Monday, August 03, 2015
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Last-of-the-Mohicans-style, the New York Times remains synonomous with being the so-called paper of record. "All the news that's fit to print," according to its avowedly judgemental motto. At this precarious point in its history, however, any brand-sense of selection or discernment is purely a matter of vaporous pretentiousness.

Take today's "Arts and Leisure" section. The title promises arts and leisure, but, of course, it showcases fare once relegated to "pulp magazines" or even wrapped in a paper bag.  

What we are looking at (above) is (1) Blood and gore lede: " `Fear the Walking Dead,' " a spinoff of `The Walking Dead' on AMC, goes back to the early days of the zombie plague."

Excerpt: "The two shows fit under the same mythological umbrella created by Mr....

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I don't know what came over Chris Matthews, putting the DNC's Debbie Wasserman-Schultz on the spot like that, calling on her to explain the difference between a Democrat and a Socialist. 

What was the poor "chair" supposed to say? One party believes in free enterprise and limited government and other doesn't? Such a lie (no problem!) would "alienate the base." Admitting that both creeds are identical in their drive to "redistribute the wealth" -- Marx 101 -- would blow the smiley-face off the Democrat brand.

Then again, what if the DNC honcho-ess had decided to say something like: Well, Chris, maybe it's time to recognize the outmodedness of the "Democrat" label. We were, after all, the party of...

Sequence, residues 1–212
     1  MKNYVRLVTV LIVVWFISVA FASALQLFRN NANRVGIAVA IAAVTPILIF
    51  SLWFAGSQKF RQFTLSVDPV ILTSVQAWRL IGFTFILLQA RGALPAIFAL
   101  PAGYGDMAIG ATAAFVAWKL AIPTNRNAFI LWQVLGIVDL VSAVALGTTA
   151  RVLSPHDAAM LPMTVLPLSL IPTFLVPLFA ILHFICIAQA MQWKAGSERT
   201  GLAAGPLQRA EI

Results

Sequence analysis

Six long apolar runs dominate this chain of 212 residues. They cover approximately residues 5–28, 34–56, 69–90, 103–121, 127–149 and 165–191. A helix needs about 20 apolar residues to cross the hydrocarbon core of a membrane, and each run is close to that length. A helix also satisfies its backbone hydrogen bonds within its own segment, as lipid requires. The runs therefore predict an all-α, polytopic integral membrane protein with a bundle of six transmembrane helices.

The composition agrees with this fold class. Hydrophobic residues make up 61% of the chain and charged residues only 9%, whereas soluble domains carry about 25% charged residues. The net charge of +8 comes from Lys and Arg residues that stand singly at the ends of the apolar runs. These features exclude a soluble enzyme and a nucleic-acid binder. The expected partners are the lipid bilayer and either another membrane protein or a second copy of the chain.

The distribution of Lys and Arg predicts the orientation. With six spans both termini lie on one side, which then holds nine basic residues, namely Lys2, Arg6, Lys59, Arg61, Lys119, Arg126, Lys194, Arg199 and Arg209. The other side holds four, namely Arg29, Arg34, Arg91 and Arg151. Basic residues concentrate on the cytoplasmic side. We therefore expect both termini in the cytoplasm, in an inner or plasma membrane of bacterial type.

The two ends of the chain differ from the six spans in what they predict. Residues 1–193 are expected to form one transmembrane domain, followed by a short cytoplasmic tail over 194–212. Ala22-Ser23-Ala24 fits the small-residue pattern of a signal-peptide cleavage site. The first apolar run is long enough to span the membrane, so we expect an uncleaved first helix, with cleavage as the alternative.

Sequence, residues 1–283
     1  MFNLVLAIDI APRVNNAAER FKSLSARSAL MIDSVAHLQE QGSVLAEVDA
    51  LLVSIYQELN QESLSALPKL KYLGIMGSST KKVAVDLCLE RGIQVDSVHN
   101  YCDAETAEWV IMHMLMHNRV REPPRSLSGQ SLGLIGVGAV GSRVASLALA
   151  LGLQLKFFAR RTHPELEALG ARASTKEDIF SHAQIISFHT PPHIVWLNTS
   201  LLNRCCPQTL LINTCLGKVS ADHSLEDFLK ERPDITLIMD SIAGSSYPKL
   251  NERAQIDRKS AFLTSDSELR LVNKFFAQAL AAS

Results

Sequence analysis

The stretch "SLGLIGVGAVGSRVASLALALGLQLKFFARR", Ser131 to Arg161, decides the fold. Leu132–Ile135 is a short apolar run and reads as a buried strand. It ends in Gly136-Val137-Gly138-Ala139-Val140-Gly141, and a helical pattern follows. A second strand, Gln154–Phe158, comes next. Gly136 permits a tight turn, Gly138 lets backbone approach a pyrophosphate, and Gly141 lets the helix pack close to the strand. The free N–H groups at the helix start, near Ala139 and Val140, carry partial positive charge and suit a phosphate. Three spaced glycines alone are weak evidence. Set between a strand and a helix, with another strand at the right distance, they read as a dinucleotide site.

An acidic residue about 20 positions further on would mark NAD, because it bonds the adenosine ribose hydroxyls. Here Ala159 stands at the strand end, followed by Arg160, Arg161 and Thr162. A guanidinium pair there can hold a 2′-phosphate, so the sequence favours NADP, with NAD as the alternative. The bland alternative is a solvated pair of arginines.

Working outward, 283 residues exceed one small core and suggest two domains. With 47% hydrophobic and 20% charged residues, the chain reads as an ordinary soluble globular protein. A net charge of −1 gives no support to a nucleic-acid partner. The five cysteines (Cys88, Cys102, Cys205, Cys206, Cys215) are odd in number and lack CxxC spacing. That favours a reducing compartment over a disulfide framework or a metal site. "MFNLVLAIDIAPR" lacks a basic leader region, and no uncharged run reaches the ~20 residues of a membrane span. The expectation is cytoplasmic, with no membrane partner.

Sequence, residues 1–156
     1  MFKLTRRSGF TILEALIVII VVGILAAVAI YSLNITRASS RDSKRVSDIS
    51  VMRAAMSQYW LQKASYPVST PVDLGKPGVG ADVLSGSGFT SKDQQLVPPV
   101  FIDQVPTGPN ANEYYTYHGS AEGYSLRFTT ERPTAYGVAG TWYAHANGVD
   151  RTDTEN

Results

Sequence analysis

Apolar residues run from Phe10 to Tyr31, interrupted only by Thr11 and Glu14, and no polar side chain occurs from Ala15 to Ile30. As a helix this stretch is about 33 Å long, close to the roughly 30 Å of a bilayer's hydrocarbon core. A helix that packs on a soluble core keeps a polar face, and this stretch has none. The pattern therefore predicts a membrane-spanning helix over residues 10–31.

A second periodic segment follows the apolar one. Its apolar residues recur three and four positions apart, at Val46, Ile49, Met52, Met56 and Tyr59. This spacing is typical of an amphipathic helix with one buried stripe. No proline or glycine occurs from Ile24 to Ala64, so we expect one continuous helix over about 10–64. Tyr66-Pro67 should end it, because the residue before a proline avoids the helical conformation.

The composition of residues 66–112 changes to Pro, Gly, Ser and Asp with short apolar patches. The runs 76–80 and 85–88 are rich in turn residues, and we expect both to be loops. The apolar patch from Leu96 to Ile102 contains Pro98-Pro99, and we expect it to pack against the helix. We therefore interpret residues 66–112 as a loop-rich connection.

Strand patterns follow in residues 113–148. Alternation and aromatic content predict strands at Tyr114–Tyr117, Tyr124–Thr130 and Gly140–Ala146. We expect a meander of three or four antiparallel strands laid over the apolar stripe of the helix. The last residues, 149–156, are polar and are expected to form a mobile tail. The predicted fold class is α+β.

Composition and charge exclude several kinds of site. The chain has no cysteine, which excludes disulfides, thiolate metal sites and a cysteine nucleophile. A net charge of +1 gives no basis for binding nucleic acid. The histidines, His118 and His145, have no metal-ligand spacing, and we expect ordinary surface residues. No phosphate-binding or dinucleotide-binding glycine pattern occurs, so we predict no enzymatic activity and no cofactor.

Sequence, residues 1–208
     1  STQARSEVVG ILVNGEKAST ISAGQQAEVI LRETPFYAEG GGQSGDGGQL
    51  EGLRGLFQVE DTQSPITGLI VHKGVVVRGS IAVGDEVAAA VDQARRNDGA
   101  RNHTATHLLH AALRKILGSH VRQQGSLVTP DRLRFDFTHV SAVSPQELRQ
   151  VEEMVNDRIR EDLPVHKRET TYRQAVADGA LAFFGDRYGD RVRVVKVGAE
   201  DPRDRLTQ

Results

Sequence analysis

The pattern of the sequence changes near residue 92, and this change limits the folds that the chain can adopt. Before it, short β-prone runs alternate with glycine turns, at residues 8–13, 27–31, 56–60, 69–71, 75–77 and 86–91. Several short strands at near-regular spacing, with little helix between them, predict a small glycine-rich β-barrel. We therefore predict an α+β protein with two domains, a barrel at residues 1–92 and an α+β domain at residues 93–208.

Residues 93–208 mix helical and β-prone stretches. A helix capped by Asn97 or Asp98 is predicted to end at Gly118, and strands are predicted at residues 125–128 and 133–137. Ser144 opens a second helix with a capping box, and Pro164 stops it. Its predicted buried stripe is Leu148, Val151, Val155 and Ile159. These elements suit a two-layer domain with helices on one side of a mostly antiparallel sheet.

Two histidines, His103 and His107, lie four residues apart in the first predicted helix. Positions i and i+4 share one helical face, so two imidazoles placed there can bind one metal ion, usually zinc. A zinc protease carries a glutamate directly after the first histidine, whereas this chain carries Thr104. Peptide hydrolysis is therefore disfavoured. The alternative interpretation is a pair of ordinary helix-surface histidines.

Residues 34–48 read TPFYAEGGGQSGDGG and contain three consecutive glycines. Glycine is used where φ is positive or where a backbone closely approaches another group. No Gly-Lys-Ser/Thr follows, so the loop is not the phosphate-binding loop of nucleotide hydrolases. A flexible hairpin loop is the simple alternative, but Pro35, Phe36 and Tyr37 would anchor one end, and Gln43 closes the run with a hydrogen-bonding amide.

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This just in from Angelo Codevilla.  

After reading my essay, "On Myths and `Farragos,'" which comments on his recent exchange with Conrad Black in National Review, he writes:

Dear Diana

[Quoting from my essay]: "If Codevilla ever gets a chance to read American Betrayal, he will find additional evidence supporting the opposite point of view: that the Soviet Empire was not inevitable, but was rather crucially assisted by veritable armies of agents and other assets."

...

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Venona intercepts indicate that Soviet GRU officer/State Department official Alger Hiss was awarded the USSR Order of the Red Star (above) after the Yalta conference.

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Readers of the often-perverse National Review will have noticed that FDR biographer and convicted felon Conrad Black has opened an extended firefight with Angelo Codevilla over Codevilla's review-essay in the Claremont Review of Books about Henry Kissinger's recent book. 

Codevilla notes



My review’s one and only reference to Conrad Black was to quote his praise of Kissinger’s book: “brilliantly conceived and executed . . . even by Henry Kissinger’s very high standards.”...

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As the majority-European-minority-African experiment that made America disappears into a Third World maelstrom of population-replacement and culture-eradication, the question, as we approach 2016, is whether there remains enough patriotism -- love of country that is also openly declarable -- to try to save it.

There is, alas, little good news. Yes, Trump, the man with the mouth who has at least blurted out the all-important message about borders, illegal aliens and sovereignty, has been surging on that message. This is evidence of rebellion in the land, and rebellion is good. It comes from a vestigial survival instinct; also from the bitter life experience...

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